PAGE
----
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Doing Your Own Taxes? Here's How To Justify Expenses

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April 15th: tax day in America. For so many of us, this day is up there with the Monday after the Superbowl, or the day after Labor Day weekend, as one of the worst days of the year. If you’re lucky, your job pays you via direct deposit, with the taxes already deducted. But for many, you make money all year and have to add it all up this week, deduct your justifiable expenses, and submit 4,000 pages of paperwork to the IRS. Or your parents’ accountant. And boy, that’s rough.

If you collect income from various sources, your goal should be to maximize your deductible expenses. If you spend enough money related to your work, you should be able to pay zero dollars to the government. That’s a banner year. Spend so much that you don’t have any money left to pay Uncle Sam. That’s how you build a successful business. Take Amazon, for example. They didn’t turn a profit for fourteen years. For FOURTEEN YEARS, Jeff Bezos sent the IRS a check for zilch.* And now? He’s the richest dude on earth, or at least he was until that divorce settlement. Not sure if he can write that off.

Now, you can go that route—spend more money than you make. The tax man can’t take forty percent of nothing. But that’s also a tough way to make money. “Hard to have money when you don’t have any money,” says math. A better solution is to become a master of justifying your write-offs. Play seven degrees of Kevin Bacon with your bacon. It’s super fun. Here’s my example:

As a comedian, my business is laughter. Therefore, any costs related to laughter are deductable. The other night, I was out to dinner with nobody because I’m lying. The waitress came by to ask me if I wanted to see a dessert menu. I said, “twist my arm!” This made her giggle because she has a low bar for humor. Here was a woman who certainly doesn’t need to send the IRS any money. It was neither a good restaurant nor a good neighborhood, and I sense that she lived nearby because I saw her walk home once her shift ended hours later. The point is, I threw out a joke, she laughed, and that turns the entire meal into an open mic. Not only do I get to write off the cost of the food and her 11% tip (she did a poor job of wiping down the table, leaving wet streaks from a rag I wouldn’t chloroform use to chloroform my worst enemy), I can write off the Uber to and from the restaurant, the clothes I bought for the occasion, and the wallet from whence I pulled the cash I was paid under the table by a charity gig. From a tax perspective, that was a $600 tuna melt.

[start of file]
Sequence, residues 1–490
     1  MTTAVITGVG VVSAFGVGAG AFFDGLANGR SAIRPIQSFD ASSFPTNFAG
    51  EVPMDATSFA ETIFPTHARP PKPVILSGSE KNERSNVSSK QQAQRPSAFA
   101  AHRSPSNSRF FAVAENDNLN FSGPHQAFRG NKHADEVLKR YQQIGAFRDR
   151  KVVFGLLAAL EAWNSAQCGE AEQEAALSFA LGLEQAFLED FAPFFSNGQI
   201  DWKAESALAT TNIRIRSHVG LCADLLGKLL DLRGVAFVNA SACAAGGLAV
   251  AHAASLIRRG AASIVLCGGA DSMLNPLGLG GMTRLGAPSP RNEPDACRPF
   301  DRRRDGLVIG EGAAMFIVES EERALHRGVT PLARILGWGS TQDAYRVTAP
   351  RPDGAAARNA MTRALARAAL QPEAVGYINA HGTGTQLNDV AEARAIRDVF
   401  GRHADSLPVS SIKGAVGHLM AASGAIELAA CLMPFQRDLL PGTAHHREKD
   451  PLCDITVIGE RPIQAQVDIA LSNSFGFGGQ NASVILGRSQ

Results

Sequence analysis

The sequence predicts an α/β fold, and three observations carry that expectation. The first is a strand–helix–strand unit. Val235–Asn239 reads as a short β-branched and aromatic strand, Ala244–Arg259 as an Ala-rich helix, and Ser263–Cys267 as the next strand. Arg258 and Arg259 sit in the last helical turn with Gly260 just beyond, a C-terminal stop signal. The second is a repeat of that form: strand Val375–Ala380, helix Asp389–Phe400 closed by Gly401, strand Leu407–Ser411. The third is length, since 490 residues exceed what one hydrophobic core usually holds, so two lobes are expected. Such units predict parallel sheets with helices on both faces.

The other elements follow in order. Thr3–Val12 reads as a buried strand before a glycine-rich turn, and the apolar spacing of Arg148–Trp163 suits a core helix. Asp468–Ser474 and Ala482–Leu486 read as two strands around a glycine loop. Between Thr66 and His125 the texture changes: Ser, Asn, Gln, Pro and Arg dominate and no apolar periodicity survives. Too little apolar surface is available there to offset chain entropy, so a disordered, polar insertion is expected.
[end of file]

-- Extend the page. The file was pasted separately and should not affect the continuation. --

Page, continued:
Stonemason? Got you. Perhaps you take your family on a vacation, driving a Winnebago across the midwest, even though they don’t deserve it. You swing through Keystone, where the resolute visages of Roosevelt, Lincoln, Washington, and Jefferson oversee the pulse-quickening excitement of South Dakota. The project was conceived by Gutzon Borglum, whose name sounds clear when spoken underwater. He, of course, was a sculptor, and Mount Rushmore is carved out of stone. If you think you know where this is going, think again…

While visiting the park, your obnoxious son begs for a souvenir from the gift shop. He sets his greedy eyes on a snow globe that houses a miniature version of the attraction. You buy it and keep the receipt, planning to write that shit off, of course. The entire family piles back into the camper. Not ten minutes on the road, your son starts whining like Tinkerbell, complaining that his stomach hurts. You tell him to look out the window but his cries increase in pitch and volume. To teach him a lesson, you reach back, grab his snow globe, and throw it out the window. The souvenir explodes across the windshield of a Lincoln Continental, driven by an elderly man named Ferris. He swerves, hits a telephone pole, and dies almost instantly when his old head smacks against the steering wheel. By Ferris’ age, his skull is thinner and weaker than an overplayed ping pong ball. Truth be told, it defied science that he lived so long. Nobody will miss him.

The ensuing legal battle, waged by Ferris’ grandchildren not to honor him but instead to profit from his death, costs hundreds of thousands of dollars—far exceeding the salary and savings of a stonemason. But because the man died from a snow globe that you bought to placate your child on a trip to see a sculpture carved out of stone, every single dollar spent on lawyers and settlements can be written off for tax purposes.

Talk about a silver lining.

The point is, these connections can be tenuous. As long as you document them with expenses and reason, the IRS won’t look too closely. They have much bigger fish to fry. Worst case, they audit you. Then what? Does anyone know what it means to be audited? Play dumb. Everyone gets one hall pass on their first audit.

Happy tax day. Now go buy something nice.

*This is probably false.